Or you can park at one of the two restaurants on the outskirts of Monachil
Access Los Cahorros By Car
Take the Monachil exit from the A-395 southern ring road (Ronda Sur). Once you get off the exit for Monachil, continue for 6 km and cross the bridge.
Continue in the direction of the “Los Cahorros El Purche.” The main road leads through the center of town and then upwards towards the mountains.
In about 2 km, you will come across a restaurant called El Puntarron that sits off the main road on the right-hand side.
You can either park at this restaurant or if you continue on the dirt road (this is an unnamed road) for about another 1km, there will be another small restaurant.
Look for Merendero Los Cahorros, where you can park. This second restaurant sits close to the entrance of the gorge and is tucked away nicely. We met people who had parked at both locations.
Take The Bus From Granada To Monachil To Hike Los Cahorros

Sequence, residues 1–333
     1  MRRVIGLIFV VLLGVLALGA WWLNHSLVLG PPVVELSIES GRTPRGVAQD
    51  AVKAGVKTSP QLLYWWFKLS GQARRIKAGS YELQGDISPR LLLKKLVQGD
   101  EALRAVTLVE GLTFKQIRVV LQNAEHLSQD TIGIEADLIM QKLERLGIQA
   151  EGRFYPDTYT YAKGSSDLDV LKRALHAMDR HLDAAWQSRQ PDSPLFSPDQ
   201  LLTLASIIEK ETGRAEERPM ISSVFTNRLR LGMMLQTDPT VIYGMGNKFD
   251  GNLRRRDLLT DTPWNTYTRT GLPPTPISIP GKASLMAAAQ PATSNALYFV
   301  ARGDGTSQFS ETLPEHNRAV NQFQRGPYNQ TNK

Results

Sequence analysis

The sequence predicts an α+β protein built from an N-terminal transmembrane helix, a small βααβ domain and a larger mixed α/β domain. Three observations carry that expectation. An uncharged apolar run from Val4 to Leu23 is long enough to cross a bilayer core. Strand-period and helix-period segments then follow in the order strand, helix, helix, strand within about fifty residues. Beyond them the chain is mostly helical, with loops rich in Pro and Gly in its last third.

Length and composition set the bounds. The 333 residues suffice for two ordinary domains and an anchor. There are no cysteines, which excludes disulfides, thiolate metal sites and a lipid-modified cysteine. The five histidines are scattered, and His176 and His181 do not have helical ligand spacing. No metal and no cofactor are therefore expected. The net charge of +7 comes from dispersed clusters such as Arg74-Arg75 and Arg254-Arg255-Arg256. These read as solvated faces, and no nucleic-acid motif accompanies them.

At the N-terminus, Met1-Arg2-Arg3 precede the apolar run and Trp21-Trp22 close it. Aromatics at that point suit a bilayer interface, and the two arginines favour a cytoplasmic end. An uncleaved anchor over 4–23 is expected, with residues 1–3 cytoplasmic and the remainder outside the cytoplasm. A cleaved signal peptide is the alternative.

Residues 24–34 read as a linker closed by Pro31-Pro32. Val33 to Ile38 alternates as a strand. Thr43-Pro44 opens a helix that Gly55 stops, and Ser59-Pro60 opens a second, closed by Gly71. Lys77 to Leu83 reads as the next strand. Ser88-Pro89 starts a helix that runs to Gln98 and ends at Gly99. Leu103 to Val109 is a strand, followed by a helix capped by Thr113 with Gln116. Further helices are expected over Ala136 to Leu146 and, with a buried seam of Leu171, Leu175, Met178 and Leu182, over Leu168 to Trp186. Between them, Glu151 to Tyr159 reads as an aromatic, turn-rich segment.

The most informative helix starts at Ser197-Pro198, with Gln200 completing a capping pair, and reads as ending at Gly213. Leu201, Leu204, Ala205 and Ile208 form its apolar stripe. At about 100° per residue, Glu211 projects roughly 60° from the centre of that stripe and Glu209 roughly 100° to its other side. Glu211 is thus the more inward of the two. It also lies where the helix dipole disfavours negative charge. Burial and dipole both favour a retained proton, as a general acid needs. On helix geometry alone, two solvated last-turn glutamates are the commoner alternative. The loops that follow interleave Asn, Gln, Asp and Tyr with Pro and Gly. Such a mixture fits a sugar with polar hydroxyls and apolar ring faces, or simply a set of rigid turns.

You want to begin by making your way to Plaza Humilladero and cross over the bridge (Puente Blanco) on the left side of the river.
Next, turn left onto Paseo de los Basilios, where you will see two bus stops. You will catch the bus for Monachil at the first bus stop. The ride will cost about €1.50 per person each way.
Look for the 183 bus Monday to Saturday morning or number 181 Saturday afternoon, Sundays and holidays.
The 183 bus is about 20 minutes while the 181 bus service is a bit longer, maybe about 40 minutes.
The bus leaves from Granada to Monachil at 20 minutes past the hour. While the bus returns from Monachil to Granada at 40 minutes past the hour. Keep in mind 8:40pm is the last bus.
Travel Tip: Our bus back was not on time so don’t panic because the bus may be late!
Our Adventure: Getting To The Trail By Bus
The bus will drop you off at a bridge, right next to loads of bins in the center of Monachil. Keep in mind this will also be the same place you will come back to in order to catch the bus back to Granada.
Walk towards the mountains with the river on your right. The town of Monachil is quite small so it’s relatively easy to orient yourself.